Why attack on Yemen’s Hudaydah port risks a national catastrophe
Newly launched assault on vital maritime gateway described as ‘Yemen’s Aleppo’
Saudi and Emirati-backed forces have begun an assault on the Houthi rebel-held Yemeni port city of Hudaydah.
The attack is expected to lead to a protracted and bloody confrontation, putting “literally hundreds of thousands of people… into a life-threatening situation,” Lise Grande, United Nations humanitarian coordinator for Yemen, told US radio station NPR.
Yemen has been devastated by civil war, with the Houthi movement trying to take control of the country and forcing President Abdrabbuh Mansour Hadi to flee abroad. Forces loyal to Hadi’s government, and allied foreign states, have been fighting the Houthis, with jihadist militants also taking advantage of the chaos.
The Red Sea port handles most of the country’s commercial imports and aid supplies, and is a lifeline for some eight million Yemenis - around a third of the population.
Bombing began after Iranian-backed Houthi rebels “ignored a deadline set by the exiled government to withdraw by midnight” on Tuesday, says the BBC.
UN Yemen mediator Martin Griffiths “had been holding talks with the Houthis to hand over control of the port to the United Nations”, in an attempt to forgo any attack, Yemeni political sources told London-based research organisation Middle East Monitor.
The Saudi-owned Al Arabiya network reported that the “liberation” of Hudaydah began with a large-scale ground assault supported by air and naval cover. The coalition “have accused the rebels of using the port to smuggle in Iranian weapons, which the rebels deny”, says the BBC.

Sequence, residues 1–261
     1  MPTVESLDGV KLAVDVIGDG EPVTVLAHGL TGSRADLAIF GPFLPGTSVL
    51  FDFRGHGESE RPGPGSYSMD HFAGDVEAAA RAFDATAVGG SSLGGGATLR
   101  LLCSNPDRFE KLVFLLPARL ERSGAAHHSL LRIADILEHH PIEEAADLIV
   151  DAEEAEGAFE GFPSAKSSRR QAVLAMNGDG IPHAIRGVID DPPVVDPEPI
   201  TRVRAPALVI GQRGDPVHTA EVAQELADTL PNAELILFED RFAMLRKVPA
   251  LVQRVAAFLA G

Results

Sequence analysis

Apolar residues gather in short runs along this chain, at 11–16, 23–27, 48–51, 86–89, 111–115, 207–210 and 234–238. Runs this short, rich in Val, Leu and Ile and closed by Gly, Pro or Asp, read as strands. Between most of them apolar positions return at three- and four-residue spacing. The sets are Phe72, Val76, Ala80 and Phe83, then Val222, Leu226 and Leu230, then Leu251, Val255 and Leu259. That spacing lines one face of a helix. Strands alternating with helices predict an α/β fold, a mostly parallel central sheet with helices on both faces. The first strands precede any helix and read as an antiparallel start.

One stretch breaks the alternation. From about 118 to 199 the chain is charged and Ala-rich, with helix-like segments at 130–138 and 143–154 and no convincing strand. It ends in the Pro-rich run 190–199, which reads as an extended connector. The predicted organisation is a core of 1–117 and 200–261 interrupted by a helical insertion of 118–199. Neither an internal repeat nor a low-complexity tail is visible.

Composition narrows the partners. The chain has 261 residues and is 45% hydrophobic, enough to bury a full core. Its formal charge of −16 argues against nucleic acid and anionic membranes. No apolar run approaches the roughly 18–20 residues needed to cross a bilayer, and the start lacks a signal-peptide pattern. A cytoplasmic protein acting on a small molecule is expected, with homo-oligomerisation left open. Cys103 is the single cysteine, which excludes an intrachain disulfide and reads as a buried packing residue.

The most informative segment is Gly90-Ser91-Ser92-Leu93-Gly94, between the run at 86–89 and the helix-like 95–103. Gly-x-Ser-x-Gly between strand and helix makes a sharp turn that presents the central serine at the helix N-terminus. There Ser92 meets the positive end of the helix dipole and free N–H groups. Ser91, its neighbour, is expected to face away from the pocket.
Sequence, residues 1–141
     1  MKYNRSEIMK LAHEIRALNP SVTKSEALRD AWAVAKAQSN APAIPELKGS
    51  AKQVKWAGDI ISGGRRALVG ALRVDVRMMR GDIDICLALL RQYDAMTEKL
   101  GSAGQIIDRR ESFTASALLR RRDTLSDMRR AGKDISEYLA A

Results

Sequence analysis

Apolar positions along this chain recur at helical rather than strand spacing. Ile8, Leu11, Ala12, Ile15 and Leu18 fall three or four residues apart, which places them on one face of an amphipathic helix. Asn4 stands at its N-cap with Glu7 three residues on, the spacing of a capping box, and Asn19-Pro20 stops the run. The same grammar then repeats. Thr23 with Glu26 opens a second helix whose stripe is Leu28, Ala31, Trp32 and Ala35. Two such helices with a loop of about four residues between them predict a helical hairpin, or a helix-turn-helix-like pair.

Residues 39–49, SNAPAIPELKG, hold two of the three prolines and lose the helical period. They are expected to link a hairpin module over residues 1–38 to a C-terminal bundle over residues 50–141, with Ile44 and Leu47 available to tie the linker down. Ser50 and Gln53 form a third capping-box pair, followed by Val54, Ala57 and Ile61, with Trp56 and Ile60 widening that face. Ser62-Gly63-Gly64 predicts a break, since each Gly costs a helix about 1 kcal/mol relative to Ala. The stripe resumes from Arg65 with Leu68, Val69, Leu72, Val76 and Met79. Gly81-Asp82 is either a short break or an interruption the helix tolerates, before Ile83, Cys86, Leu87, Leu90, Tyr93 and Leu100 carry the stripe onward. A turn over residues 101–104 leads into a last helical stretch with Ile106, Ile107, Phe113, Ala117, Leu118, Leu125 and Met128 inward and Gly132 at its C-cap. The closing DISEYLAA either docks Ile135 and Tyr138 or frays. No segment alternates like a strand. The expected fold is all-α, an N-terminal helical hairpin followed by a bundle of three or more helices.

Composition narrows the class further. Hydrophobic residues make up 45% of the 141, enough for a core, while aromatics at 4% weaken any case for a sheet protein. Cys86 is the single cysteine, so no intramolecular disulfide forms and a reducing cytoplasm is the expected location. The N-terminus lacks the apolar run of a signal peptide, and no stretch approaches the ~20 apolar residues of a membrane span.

Reports over the weekend suggested the Lower Al-Jahah area, south of the city, had been captured in fierce fighting. Local experts told The Guardian that an attack on Hudaydah would be “Yemen’s Aleppo”.
Meanwhile, diplomats in the region told The New York Times that “only pressure from Washington, which sells tens of millions of dollars of weapons to the United Arab Emirates and to Saudi Arabia every year, could stop the assault”.
Although the Trump administration has developed close ties with Saudi Arabia and the United Arab Emirates, “many members of Congress and international diplomats blame the two countries for exacerbating what the United Nations says is the world’s worst humanitarian crisis, with indiscriminate attacks that have been responsible for thousands of civilian deaths”, adds the newspaper.
This week US Secretary of State Mike Pompeo issued a brief statement about the Trump administration’s willingness to address the “security concerns” of the coalition leaders while “preserving the free flow of humanitarian aid and life-saving commercial imports”.
The statement was a significant departure from previous American policy and was “a yellow light to the emirates: proceed but with caution”, says The New York Times’s Gregory D. Johnsen.
A major escalation in fighting in Hudaydah is likely to kill the prospect of any peace talks in the short-term, and to “condemn the children of Yemen to yet more misery”, says Save the Children.
“This major escalation in violence puts 170,000 children at risk of death or injury and could cause the biggest single displacement of people since 2015, pushing Yemen towards a full-blown and entirely man-made famine,” the charity adds.